Religious accommodations hinge on worker’s sincerity — Business Management Daily: Free Reports on Human Resources, Employment Law, Office Management, Office Communication, Office Technology and Small Business Tax Business Management Daily
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Religious accommodations hinge on worker’s sincerity

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When employees ask to be excused from working on the Sabbath, forget about questioning whether their religion actually requires the accommodation.

What matters is that the employee sincerely holds the belief—not the source of the employee’s belief.

Recent case: Kimberly Bloom sued, claiming her employer wouldn’t accommodate her request for Sundays off. Bloom said her religion and the Bible required it. The employer wanted Bloom to point to the specific place in the Bible that restricted working on Sundays.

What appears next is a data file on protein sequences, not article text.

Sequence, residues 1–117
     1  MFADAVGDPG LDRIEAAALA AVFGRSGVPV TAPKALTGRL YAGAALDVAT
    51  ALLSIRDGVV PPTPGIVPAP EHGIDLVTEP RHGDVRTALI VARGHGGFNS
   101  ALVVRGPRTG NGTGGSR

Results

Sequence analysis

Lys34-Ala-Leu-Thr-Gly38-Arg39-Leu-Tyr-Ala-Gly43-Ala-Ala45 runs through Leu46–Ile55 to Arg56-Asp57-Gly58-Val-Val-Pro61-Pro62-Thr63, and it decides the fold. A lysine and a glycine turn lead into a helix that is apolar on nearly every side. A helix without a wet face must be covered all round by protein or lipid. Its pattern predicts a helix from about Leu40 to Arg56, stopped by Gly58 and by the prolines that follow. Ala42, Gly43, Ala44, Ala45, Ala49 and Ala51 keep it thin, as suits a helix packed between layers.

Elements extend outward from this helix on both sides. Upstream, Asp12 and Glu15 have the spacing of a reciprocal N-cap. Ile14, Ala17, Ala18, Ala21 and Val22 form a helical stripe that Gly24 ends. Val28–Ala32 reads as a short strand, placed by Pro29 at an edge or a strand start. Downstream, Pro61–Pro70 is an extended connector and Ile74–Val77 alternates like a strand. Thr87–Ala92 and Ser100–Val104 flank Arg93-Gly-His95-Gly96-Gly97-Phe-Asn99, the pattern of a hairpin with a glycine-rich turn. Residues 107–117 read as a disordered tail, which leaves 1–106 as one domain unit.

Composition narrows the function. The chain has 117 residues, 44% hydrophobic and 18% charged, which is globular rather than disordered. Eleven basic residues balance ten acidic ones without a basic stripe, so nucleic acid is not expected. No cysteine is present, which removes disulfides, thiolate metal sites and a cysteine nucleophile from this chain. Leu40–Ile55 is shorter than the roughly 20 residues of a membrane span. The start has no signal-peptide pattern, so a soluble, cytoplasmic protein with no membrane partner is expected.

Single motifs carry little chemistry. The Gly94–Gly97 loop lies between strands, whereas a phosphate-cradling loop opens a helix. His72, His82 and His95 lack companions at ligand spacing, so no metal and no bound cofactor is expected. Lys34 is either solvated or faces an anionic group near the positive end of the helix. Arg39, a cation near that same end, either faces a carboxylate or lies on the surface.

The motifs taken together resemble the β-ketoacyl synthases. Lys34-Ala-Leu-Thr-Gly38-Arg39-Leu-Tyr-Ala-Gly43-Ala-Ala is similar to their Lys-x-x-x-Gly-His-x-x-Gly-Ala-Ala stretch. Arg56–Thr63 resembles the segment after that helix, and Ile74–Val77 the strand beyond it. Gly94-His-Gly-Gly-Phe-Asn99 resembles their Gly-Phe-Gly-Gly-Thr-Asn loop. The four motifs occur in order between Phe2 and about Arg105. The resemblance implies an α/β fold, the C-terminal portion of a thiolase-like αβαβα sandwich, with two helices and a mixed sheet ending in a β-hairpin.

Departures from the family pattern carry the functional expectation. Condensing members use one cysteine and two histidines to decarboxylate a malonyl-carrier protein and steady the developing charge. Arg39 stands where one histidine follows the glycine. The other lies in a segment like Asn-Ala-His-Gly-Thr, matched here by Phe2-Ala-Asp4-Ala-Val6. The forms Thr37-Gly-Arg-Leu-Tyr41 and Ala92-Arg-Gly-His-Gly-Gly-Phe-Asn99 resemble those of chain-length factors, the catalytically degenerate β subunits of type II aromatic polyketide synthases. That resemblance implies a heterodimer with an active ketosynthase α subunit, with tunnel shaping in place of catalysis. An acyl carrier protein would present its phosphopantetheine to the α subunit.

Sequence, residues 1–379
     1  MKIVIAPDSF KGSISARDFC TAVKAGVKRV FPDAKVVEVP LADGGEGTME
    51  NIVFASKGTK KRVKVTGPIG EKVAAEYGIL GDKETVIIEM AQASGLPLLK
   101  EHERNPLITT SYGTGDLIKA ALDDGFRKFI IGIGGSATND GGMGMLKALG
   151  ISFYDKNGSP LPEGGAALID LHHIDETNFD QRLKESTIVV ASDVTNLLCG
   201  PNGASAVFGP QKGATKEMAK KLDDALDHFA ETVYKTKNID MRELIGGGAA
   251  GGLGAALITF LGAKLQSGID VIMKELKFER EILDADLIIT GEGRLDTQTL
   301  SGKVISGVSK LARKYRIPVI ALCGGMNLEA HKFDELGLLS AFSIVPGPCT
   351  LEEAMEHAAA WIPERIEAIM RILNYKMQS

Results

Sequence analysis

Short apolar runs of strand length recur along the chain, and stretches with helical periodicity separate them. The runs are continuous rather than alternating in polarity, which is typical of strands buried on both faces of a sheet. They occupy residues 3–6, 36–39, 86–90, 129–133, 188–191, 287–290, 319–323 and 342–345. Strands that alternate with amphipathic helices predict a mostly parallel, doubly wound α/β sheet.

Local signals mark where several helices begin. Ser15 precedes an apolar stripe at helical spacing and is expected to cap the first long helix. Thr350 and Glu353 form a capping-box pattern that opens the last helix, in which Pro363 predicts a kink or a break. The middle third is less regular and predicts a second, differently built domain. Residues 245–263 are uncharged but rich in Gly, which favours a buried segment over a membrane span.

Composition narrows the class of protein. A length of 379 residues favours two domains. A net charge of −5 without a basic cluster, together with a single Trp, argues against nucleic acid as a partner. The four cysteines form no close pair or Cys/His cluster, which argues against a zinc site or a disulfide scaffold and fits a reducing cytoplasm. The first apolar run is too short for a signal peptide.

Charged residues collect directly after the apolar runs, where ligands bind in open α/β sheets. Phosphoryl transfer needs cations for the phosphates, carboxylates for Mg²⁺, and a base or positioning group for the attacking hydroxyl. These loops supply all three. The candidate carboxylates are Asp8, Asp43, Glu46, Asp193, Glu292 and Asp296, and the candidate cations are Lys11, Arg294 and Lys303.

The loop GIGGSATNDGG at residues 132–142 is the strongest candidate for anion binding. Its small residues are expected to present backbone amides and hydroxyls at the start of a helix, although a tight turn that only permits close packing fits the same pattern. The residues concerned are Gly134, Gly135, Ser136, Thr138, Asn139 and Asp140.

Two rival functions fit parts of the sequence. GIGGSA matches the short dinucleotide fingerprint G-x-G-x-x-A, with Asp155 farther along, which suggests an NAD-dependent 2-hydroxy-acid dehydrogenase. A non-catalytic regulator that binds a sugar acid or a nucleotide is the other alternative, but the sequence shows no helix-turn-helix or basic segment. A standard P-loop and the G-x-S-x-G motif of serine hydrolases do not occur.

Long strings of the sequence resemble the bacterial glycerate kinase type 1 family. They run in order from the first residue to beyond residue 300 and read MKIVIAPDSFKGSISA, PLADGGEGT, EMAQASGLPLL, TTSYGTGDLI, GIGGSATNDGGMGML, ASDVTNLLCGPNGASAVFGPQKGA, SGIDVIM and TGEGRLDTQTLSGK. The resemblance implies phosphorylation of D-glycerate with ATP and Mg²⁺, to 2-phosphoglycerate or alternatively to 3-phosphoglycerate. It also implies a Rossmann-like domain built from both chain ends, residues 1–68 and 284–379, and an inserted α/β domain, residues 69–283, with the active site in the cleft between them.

The court ruled for Bloom. It said that what mattered was that she sincerely believed her religion called for a day of rest, not that the Bible required it. (EEOC v. Aldi, No. 06-01210, WD PA, 2008)

Final note: A jury has since found that, although Bloom’s beliefs were sincere, the employer did try to accommodate her.

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